The next time you are visited by someone asking whether you are selling your land, hasten to file a case with the police.
Do the same if a wealthy, politically-connected individual buys land in your neighborhood. Chances are high that this is (or will quickly turn into) a land grabber who uses seemingly innocent but equally coercive means to accumulate wealth by dispossessing others.
I am not suggesting that police will be keen to help (they have been accused hundreds of times of being compromised by the wealthy and powerful, something upon which no one will ever have evidence) but, at least, in the event of a judicial battle, you would have reported an incident of infringement first.
I am also not suggesting that the judiciary should be trusted too much. Not at all! But for reasons of ‘civil vigilantism’, these responses could save the day.
As the land market surges with increasing local and multi-national interest (influx of Chinese, German and South African investors), dispossession is taking more subtle and benign forms of violence.
Investing in real estate and large-scale land acquisition are becoming easy options for our political and public service thieves. People whose profiles appear in newspapers everyday on different misappropriation charges are struggling to find ways of hiding their monies.
They have accumulated so much that they are afraid of keeping it in their houses, neither are they ready to bank it (there are mafias in the banks, you know!). With buying land presenting a safer option, working with fronts, they are voraciously dispossessing unsuspecting compatriots.
With cases of mob justice against land grabbers on the rise against a messy and incomprehensive land tenure regime (and land office), land thieves have mastered new tactics.
In addition to accumulating through small plots, as they work to conquer entire villages, they no longer openly evict occupants on forged land titles!
This is too risky nowadays in that it not only attracts bad press, but could also end in mass protests or public lynching. Instead, they cajole, intimidate and force a sale, and then (working with police, and local judicial systems) quickly offer to compensate.
Aware that people are penurious to the bone, cannot afford fuel for a police officer nor the exorbitant fees, the language and frustrations of litigation, land grabbers nowadays are quick to “make it easy” for the aggrieved. Technically, this compensation is forced selling.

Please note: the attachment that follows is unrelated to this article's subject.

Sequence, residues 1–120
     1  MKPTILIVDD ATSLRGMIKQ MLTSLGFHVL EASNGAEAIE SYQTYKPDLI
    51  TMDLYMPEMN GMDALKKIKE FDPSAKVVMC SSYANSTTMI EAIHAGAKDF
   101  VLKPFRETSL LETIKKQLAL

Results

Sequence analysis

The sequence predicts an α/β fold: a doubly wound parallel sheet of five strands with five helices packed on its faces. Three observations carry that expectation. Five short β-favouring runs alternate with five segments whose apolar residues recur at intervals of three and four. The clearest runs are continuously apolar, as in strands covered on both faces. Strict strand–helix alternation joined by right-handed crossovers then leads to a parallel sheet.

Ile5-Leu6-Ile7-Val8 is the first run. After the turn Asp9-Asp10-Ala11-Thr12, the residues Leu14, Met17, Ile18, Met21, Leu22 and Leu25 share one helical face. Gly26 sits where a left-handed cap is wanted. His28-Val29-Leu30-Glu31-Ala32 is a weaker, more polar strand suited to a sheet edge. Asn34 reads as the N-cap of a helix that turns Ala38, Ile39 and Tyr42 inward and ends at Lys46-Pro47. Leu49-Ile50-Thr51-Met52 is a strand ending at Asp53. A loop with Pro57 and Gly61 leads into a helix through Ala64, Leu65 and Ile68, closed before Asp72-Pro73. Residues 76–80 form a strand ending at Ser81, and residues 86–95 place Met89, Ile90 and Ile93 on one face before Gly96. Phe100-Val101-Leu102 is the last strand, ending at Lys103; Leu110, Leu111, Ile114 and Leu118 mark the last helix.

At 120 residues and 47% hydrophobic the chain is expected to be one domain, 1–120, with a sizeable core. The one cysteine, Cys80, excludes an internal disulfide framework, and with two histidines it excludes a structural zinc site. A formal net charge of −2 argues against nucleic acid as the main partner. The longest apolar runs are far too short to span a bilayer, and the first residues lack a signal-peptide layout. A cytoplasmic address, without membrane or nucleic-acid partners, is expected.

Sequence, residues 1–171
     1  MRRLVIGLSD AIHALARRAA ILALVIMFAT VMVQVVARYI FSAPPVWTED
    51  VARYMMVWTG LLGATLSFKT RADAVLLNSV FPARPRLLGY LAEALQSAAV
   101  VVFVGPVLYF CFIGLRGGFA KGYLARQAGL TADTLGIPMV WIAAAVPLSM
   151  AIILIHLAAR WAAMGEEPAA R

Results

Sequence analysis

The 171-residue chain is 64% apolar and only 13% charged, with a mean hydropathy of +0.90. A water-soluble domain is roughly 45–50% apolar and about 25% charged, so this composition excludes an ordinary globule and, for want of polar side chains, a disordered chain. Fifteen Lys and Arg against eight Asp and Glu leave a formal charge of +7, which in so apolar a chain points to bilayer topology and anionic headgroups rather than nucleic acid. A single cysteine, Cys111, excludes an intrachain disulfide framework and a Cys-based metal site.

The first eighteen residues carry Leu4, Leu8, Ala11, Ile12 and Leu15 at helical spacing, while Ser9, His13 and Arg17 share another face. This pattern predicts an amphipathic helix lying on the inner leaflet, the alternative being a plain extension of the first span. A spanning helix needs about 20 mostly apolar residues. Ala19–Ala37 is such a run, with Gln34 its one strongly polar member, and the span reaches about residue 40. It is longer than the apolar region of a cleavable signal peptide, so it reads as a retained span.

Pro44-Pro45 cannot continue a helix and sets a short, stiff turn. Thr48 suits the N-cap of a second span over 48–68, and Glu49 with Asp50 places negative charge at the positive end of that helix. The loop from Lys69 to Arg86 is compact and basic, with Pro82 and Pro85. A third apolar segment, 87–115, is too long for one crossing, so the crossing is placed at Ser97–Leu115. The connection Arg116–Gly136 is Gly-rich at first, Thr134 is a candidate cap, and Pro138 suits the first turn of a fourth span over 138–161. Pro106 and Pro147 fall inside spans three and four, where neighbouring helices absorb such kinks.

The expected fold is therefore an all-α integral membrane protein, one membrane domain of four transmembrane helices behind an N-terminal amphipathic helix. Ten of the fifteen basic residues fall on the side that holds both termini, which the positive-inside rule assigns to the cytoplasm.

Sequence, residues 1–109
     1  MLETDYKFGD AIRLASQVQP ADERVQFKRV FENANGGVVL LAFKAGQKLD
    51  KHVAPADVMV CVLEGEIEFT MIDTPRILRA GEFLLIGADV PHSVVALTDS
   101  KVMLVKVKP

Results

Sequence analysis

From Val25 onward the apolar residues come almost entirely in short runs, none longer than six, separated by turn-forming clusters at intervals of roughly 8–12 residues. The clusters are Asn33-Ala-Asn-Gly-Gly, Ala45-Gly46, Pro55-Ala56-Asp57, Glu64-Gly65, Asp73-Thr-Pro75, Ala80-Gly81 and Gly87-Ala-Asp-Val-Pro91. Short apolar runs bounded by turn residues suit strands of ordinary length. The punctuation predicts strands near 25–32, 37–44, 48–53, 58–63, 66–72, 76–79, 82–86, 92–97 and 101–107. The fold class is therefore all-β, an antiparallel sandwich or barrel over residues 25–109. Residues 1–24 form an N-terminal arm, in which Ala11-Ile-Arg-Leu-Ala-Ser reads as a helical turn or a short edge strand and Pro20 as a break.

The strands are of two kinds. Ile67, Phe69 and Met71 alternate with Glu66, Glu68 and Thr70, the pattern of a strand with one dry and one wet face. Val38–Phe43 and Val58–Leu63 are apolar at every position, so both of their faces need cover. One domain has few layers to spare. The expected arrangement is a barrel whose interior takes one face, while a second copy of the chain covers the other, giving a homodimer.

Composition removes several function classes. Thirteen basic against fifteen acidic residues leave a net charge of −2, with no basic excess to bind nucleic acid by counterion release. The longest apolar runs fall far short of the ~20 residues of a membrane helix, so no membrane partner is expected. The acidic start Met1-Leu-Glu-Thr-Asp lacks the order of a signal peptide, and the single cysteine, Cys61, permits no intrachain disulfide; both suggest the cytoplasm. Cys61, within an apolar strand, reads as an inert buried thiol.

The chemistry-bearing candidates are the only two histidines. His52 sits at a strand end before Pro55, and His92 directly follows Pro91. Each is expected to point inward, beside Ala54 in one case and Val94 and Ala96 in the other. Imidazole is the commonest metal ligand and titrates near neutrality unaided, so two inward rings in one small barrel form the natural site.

It is a form of dispossession even if the victim was offered the best terms. The condition is bad for landowners who are not residents, and worse when they have no visible developments such as buildings or sizeable agricultural investments.
If it is grazing or fallow land, the grabber convinces himself – and their networks – that this is ‘idle land’ for which the owner sees no need. After careful study, they master the supervisory patterns of the right landowner; identify their level of education, possible political connections, and anticipated responses.
With a faked ownership title, they swing into action and start transforming it. By the time the owner gets wind of the invasion, a building, a wall fence, or borehole is already in the ground. These things would be so exquisitely done that the original owner is scared to even countenance knocking them down.
Besides, there would be mean-looking security officers, often in police uniforms, guarding the site and ready to arrest their victim for ‘criminal trespass’.
Amidst this mess, the victim is advised to report the matter to police and seek redress in court. Absolute nonsense! These seemingly friendly avenues of redress are actually part of the terrible script.
The thieves know well enough the overwhelming demands police and court processes present to ordinary persons. Often, frustrated landowners resort to sorcery before surrendering to their fate.
In cases of ‘empowered’ victims, by the time they secure a court order stopping any developments, a lot would have happened, opening the story to a long and expensive court process.
Overwhelmed by the political and judicial connections land grabbers mobilize, the frustrated victim would be pleased with any offers for compensation.
Ownership changes hands by a little inflection in the language – from purchase to compensation – and a longer process than would have been with direct purchase. Thoroughly scorched, the victim returns home wondering why they even attempted a fight in the first place.
The author is a PhD fellow at the Makerere Institute of Social Research.